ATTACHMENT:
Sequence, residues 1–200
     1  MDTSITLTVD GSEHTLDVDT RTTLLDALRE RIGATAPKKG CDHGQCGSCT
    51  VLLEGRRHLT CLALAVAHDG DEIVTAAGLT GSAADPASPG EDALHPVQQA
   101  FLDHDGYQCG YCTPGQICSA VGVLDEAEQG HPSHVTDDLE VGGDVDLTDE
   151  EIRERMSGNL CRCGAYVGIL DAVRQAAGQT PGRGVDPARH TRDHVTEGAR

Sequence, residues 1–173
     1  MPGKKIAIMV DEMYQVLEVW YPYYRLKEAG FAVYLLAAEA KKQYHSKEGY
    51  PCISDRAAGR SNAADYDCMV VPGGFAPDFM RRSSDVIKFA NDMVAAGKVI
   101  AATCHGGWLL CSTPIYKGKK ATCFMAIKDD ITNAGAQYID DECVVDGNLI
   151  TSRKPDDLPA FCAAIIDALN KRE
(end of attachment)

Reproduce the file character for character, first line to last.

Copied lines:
Sequence, residues 1–200
     1  MDTSITLTVD GSEHTLDVDT RTTLLDALRE RIGATAPKKG CDHGQCGSCT
    51  VLLEGRRHLT CLALAVAHDG DEIVTAAGLT GSAADPASPG EDALHPVQQA
   101  FLDHDGYQCG YCTPGQICSA VGVLDEAEQG HPSHVTDDLE VGGDVDLTDE
   151  EIRERMSGNL CRCGAYVGIL DAVRQAAGQT PGRGVDPARH TRDHVTEGAR

Sequence, residues 1–173
     1  MPGKKIAIMV DEMYQVLEVW YPYYRLKEAG FAVYLLAAEA KKQYHSKEGY
    51  PCISDRAAGR SNAADYDCMV VPGGFAPDFM RRSSDVIKFA NDMVAAGKVI
   101  AATCHGGWLL CSTPIYKGKK ATCFMAIKDD ITNAGAQYID DECVVDGNLI
   151  TSRKPDDLPA FCAAIIDALN KRE